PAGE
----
As Labor Day weekend arrives, another push by Albany legislators to hike the state minimum wage is gaining steam.

The current effort piggybacks on a 2016 state law under which the mandatory minimum wage for most occupations (the “general” minimum wage) was elevated to $15 an hour in New York City a few years ago, reached $15 an hour in Westchester and on Long Island this year, and is on a trajectory to reach $15 an hour within the next few years in the rest of the state (where it’s currently $13.20 per hour).

Senate Labor Committee Chair Jessica Ramos of Queens and labor allies are ginning up support for S. 3062, her bill to tie annual minimum wage hikes to the consumer price index. The Assembly version is sponsored by Labor Committee chair Latoya Joyner of the Bronx, who says the measure will “protect” the state’s lower-wage workers from inflation.

What it won’t protect against: Joblessness.

That’s likely to worsen, particularly among New Yorkers who are younger and less educated (and disproportionately minorities), based on recent analyses.

That wage hikes reduce employment prospects for these vulnerable groups is among the strongest findings from the past few decades of economic research on the impact of minimum wage hikes, according to a meta-analysis issued last year by the National Bureau of Economic Research (NBER). The co-authors found that 79 percent of economic studies of wage hikes show negative employment impacts, with the strongest evidence of impact on the least-educated, lowest-skilled individuals. That impact is often obscured, they found, because employers faced with wage hikes not only hire fewer workers, but they also substitute higher-skilled workers for lesser-skilled ones.

Separately, the non-partisan federal Congressional Budget Office (CBO) last year assessed the impact of a bill (dubbed the “Raise the Wage Act”) to hike the federal minimum wage from $7.25 to $15 per hour, and then increase it at the rate of inflation. In other words, the proposal would put the entire nation under the wage regime Senator Ramos is proposing.

CBO found the bill would reduce employment nationally by an estimated 1.4 million.  Like the NBER paper, CBO determined the greatest impact would fall on younger, less-educated individuals, about half of whom would drop out of the labor force entirely within a few years. CBO also determined the bill would contribute to inflation by causing some businesses to raise prices.

It’s likely that New York has already lost out on tens of thousands of jobs due to the 2016 wage hike law. And it seems safe to assume S. 3062 would make the situation worse, if you agree with CBO’s common-sense view that wage hikes that guarantee an annually increasing wage floor (as opposed to one-time hikes to a fixed level) are more likely to prompt a change in hiring practices by employers planning for the future.  Indeed, a 2019 Journal of Human Resources paper found that employers react much more strongly to wage hikes indexed to inflation than to one-time adjustments.

Ramos herself touts the predictability of the wage hikes in S. 3062 as a boon for business planning. But what will those plans be? They may well entail layoffs, reduced hiring and price hikes for consumers. For small businesses, it could mean preparations to move out of state or close shop.

CBO’s projections of job loss helped sink the Raise the Wage Act at the federal level. But New York doesn’t have a legislative budget office to make transparent the anticipated costs and benefits of proposed laws. That enables state legislators to cast a vote to raise wages for some without facing up to trade-offs like expected job loss.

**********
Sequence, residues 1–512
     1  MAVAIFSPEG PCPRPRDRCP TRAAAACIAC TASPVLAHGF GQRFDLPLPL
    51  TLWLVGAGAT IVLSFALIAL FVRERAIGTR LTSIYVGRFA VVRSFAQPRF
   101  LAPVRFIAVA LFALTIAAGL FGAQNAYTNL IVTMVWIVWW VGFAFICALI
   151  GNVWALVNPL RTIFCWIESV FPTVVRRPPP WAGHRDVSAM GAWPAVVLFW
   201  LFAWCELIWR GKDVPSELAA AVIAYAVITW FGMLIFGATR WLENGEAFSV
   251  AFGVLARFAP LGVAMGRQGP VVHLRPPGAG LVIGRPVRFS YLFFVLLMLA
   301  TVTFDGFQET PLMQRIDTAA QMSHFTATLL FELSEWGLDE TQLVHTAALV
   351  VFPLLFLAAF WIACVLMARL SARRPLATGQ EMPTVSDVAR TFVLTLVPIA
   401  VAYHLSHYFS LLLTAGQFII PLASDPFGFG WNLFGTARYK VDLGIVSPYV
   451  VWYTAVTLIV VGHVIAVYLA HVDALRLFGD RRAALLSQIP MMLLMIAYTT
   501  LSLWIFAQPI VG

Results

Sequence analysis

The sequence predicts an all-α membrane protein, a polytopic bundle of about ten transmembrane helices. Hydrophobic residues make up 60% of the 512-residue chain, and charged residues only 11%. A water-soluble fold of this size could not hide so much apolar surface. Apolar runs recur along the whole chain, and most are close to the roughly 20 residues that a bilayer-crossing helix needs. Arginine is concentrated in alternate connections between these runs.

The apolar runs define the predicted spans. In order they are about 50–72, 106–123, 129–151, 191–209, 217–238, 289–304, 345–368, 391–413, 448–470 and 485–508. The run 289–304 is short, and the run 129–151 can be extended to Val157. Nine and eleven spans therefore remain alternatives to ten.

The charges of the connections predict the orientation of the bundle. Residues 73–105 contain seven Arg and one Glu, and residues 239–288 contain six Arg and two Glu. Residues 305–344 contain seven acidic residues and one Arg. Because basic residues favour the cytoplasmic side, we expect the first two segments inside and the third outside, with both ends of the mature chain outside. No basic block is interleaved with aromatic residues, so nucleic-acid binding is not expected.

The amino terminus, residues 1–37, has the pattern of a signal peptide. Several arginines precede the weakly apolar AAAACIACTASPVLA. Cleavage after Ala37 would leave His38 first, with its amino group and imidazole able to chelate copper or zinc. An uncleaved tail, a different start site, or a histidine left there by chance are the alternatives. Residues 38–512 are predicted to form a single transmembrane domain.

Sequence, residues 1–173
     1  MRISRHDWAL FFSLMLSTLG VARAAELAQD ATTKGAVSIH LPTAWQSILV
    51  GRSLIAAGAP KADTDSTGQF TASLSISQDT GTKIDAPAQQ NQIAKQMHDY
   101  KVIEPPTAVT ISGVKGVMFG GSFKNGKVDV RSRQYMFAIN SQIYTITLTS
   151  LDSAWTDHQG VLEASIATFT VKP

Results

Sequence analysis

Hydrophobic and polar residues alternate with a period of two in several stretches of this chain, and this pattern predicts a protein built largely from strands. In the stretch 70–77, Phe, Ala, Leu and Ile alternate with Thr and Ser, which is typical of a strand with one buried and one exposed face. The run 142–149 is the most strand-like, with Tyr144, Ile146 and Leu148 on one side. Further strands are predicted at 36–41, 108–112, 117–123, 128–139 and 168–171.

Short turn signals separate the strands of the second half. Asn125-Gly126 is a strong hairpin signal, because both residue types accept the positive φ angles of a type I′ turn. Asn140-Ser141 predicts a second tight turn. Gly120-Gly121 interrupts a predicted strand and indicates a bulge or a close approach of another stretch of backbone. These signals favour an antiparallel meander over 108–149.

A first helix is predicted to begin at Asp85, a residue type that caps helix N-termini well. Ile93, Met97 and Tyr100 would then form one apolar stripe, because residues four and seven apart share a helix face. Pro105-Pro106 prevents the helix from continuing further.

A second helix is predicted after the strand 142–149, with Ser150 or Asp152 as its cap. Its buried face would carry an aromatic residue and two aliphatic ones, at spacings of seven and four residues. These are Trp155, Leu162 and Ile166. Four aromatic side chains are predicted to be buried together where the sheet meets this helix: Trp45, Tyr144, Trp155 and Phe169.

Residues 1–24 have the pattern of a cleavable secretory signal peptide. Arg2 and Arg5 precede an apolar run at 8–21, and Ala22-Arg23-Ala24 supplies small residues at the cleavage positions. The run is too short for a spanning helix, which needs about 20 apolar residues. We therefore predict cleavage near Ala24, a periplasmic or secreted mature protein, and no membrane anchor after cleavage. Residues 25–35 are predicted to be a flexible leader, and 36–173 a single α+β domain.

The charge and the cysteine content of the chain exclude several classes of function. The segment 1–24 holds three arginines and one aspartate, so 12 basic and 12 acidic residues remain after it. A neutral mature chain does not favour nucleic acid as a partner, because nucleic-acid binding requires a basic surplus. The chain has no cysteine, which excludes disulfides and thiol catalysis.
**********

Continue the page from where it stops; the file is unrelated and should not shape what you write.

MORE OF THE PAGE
Wage hike supporters say they want to ensure a “living wage,” but those receiving the minimum wage (based on federal data from the Department of Labor’s Bureau of Labor Statistics) include many part-time and seasonal employees. They’re also disproportionately young, single people not supporting a family on their salary. The invaluable thing they get from a minimum wage job is work experience that gets them on that crucial first rung of the career ladder.

The best way to protect their future is to ensure plentiful job opportunities.

On that front, the Legislature remains AWOL. Rather, its enacted tax hikes that have helped foster the nation’s second-worst business tax environment (to New Jersey), based on the Tax Foundation’s 2022 State Business Tax Climate Index. The burden rose again most recently due to a spike in the per-employee tax New York employers must pay for unemployment insurance —a result of the state’s Covid-induced job losses.  The state’s elected leaders chose to use Covid relief funds for new spending instead of alleviating that new burden on employers, although most similarly situated states chose to do so.

Even amidst the current, tight national jobs market, the Empire State’s post-pandemic jobs recovery remains among the weakest in the nation. The state’s unemployment rate also remains 26 percent above the national average (4.8 percent vs. 3.8 percent).

More alarming are the storm clouds brewing on the horizon. The outlook for job creation going forward is dark. Economic warning signs are everywhere. Economists view ongoing high inflation amid rising interest rates as a sign that the nation is entering a downturn that will yield an extended period of slower job growth and increased unemployment — if not a major recession.

Mandatory wage hikes offer politicians a crowd-pleasing solution to consumer price inflation.  But in economics, “There are no solutions. There are only trade-offs.” The Legislature needs to grapple with those trade-offs before risking further damage to the state’s fragile economy.

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